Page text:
Coworking giant WeWork has promised investors it has the cash to survive the corona virus crisis and called reports it was shedding workers and trying to get out of its office leases old news.
The company said 250 layoffs announced last Thursday were part of its previously announced restructuring and not connected with the current pandemic.
WeWork has been working with consultants from both JLL and NKF since November 2019 on a previously announced five-year plan devised following the collapse of its IPO.
“Last November, we began conducting an in-depth review of operations and assets globally in order to right-size the business and optimize our real-estate portfolio. As we work through this process, we are working with industry partners where appropriate,” said the spokesman.
“WeWork is continuing to execute its new strategic plan. As a result, we are realigning certain functions and teams to reflect our business priorities. Employees impacted by the layoffs received severance, continued benefits and other forms of assistance to aid in their career transitions.”
Following the IPO implosion last summer, the company began working with JLL to provide facilities management services in North America, offering staff the opportunity to transfer to the real estate services company’s payroll.
NKF is also on board as a consultant in “eliminating and scaling back certain functions and responsibilities, which will increase efficiency and also accountability.”
The restructuring includes the sale of community meeting platform provider, Meetup, to a consortium of investors led by AlleyCorp. Rohit Dave, head of corporate development at WeWork, said, “Our decision to divest Meetup aligns with WeWork’s renewed focus on the company’s core workspace business and marks a positive step forward for both WeWork and Meetup.”
Earlier this year, it also shed its share of The Wing women’s coworking company and the cloud based meeting app, Teem.
The shake-up came as chairman Marcelo Claure reassured bondholders that the company has enough cash on hand to get it through the corona virus crisis
In a letter to investors late last week, Claure said WeWork had $4.4 billion in commitments — including $1.3 billion in cash — at the end of 2019, enough to get it through the current crisis and to execute its five-year plan.
The company said it has another $100 million of remaining capital commitments from SoftBank and would oppose any effort by SoftBank to alter its planned $3 billion tender offer amid reports that the Japanese banking conglomerate is looking to renegotiate that deal as the pandemic decimates global markets.
WeWork has vowed to push through the pandemic and all of its spaces remain open and staffed, albeit in reduced numbers by key personnel being paid a $100 daily bonus.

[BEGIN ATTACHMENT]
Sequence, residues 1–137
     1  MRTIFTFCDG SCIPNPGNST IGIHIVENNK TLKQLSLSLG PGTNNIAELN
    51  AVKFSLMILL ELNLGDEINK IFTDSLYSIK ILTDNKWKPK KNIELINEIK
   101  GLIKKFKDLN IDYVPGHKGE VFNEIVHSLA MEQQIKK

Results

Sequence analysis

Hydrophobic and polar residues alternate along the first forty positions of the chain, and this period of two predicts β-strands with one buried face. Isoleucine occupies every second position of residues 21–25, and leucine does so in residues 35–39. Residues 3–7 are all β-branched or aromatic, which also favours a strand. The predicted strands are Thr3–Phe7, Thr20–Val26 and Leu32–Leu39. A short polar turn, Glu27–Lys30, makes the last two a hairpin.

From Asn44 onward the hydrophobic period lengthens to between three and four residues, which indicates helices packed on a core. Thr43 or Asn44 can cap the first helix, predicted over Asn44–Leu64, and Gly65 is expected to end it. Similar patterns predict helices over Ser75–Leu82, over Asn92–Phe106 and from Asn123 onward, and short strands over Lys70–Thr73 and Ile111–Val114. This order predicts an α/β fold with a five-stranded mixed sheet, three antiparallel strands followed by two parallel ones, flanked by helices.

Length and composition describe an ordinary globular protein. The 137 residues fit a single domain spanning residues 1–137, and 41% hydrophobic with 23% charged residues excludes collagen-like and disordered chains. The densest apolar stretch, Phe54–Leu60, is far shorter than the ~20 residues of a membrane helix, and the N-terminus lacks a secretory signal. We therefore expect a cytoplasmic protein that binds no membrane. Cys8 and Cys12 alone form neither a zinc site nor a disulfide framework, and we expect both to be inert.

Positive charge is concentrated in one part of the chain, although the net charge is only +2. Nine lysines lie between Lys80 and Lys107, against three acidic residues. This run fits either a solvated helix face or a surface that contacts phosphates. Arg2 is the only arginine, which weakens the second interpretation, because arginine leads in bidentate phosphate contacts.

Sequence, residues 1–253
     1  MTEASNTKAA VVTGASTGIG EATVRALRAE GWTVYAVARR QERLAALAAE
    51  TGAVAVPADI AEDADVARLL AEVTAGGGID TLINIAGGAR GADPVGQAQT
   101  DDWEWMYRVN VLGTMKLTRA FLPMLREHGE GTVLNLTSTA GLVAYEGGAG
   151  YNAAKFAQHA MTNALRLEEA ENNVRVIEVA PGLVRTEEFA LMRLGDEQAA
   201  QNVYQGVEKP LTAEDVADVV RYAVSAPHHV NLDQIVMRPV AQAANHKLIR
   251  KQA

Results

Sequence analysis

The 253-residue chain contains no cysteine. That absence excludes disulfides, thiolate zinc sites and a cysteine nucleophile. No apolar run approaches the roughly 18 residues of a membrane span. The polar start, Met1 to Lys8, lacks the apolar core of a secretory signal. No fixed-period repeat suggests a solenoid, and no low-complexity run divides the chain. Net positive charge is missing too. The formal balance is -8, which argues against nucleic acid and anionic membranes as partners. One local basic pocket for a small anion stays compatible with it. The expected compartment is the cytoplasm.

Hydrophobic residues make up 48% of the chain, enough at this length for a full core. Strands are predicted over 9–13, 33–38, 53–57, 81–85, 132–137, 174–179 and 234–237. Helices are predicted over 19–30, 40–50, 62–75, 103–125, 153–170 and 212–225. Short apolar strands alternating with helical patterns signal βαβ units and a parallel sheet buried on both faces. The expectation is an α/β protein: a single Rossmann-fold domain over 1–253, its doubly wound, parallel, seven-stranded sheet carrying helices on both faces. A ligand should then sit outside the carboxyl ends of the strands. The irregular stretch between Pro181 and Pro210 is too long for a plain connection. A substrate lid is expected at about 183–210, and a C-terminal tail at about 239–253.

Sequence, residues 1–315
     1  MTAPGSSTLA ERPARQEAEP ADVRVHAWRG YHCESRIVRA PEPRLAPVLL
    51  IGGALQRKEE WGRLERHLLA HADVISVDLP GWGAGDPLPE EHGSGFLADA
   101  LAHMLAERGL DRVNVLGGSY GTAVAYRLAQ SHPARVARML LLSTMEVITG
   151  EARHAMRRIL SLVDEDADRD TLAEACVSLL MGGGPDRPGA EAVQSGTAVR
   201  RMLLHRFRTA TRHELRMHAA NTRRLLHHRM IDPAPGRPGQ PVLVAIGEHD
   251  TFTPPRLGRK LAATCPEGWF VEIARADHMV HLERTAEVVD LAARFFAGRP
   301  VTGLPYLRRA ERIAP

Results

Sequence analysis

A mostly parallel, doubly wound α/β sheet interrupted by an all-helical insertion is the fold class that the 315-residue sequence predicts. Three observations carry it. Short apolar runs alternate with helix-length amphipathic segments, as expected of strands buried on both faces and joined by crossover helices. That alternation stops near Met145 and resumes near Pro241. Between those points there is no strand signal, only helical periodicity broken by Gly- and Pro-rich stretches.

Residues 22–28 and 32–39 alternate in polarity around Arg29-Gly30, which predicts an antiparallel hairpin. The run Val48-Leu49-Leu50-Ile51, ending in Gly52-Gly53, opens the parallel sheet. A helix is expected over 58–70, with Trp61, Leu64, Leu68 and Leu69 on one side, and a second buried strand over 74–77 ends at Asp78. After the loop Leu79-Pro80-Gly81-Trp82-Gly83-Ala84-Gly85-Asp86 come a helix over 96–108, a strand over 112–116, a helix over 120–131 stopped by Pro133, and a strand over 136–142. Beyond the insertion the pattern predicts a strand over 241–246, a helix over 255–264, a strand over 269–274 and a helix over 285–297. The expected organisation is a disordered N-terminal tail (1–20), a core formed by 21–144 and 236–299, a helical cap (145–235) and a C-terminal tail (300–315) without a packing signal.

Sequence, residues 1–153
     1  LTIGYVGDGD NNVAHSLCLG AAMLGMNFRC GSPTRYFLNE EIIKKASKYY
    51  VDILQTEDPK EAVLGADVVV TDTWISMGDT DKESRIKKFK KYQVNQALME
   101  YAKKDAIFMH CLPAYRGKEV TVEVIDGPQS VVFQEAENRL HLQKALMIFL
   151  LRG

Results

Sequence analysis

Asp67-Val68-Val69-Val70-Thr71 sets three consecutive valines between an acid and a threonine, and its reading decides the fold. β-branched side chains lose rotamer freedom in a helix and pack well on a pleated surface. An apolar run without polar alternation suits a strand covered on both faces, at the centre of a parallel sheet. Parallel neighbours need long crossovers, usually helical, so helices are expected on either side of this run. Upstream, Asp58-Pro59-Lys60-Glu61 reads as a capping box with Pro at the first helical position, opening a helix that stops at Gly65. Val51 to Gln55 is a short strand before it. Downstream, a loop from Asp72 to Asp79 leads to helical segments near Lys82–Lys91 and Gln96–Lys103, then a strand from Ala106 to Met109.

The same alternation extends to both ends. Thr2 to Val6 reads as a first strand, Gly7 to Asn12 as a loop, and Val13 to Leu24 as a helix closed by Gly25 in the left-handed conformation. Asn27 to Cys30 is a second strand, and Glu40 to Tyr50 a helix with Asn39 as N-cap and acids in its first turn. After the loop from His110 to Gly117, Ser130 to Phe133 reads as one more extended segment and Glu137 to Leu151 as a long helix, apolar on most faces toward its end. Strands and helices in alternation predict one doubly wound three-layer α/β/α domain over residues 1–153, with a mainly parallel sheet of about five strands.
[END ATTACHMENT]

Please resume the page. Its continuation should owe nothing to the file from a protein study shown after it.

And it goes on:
“WeWork has implemented a work from home policy for global employees and has moved to reduced staffing posture in our locations,” said a spokesman, “This is in addition to WeWork’s mandatory 14-day work from home policy for all employees who exhibit flu-like symptoms.
“We have a robust global emergency preparedness plan in place … In certain circumstances, depending on the severity of the incident, this plan could involve shutting down a building or floor for an extended period of time.
“From healthcare and insurance providers to cleaning product suppliers and transit authorities, companies rely on us in order to operate. For that reason, we continue to remain open and accessible.
“As we navigate the COVID-19 pandemic, we are committed to supporting our members and will continuously evolve our plans.”
Several space sharing companies including Knotel — its biggest rival — Convene and Lyric announced COVID-19 related layoff and furloughs in the past week.
Knotel laid off or furloughed 195 employees worldwide while Convene let 150 workers go as it closed all 28 locations. Co-living company Lyric confirmed it has laid off nearly 20 percent of its staff and women-focused The Wing has closed its 11 locations.
In a statement Knotel said it has laid off 30 percent of global staff and furloughed another 20 percent.
“Business as usual is over,” said Amol Sarva, Knotel CEO. “The global pandemic and its inevitable economic consequences will be dramatic. Knotel has decided to take sharp action to prepare for the worst case – a long health and economic crisis. We hope for speedy improvement, but Knotel has always been disciplined and the present situation is extraordinary.
“In the longer term, this moment shows us exactly why flex has grown so quickly: professionally managed, flexible, one-vendor, global office operations are the future. We will be there when businesses resume their business. And we know that the workplace will never be the same — we are hard at work on creating the post-virus office.”
“The coronavirus pandemic has had a huge impact on the hospitality and meetings and event industries, and Convene has not been immune to that,” said Convene co-founder Ryan Simonetti.
“After closing all of our locations, we have had to take the additional measure of saying goodbye to nearly 20 percent of our team across the company and furloughing others, while ensuring they receive compensation and healthcare coverage for an extended period. ”
In the last 10 years, the co-working sector has grown to over 70 million square feet of space across the globe, according to CBRE. With the pandemic paralyzing major U.S. cities, a survey by Coworker magazine found that 71.67 percent of shared space operators have witnessed a significant drop in the number of people working from their space since the outbreak. 67 percent have experienced a drop in the number of new membership enquiries.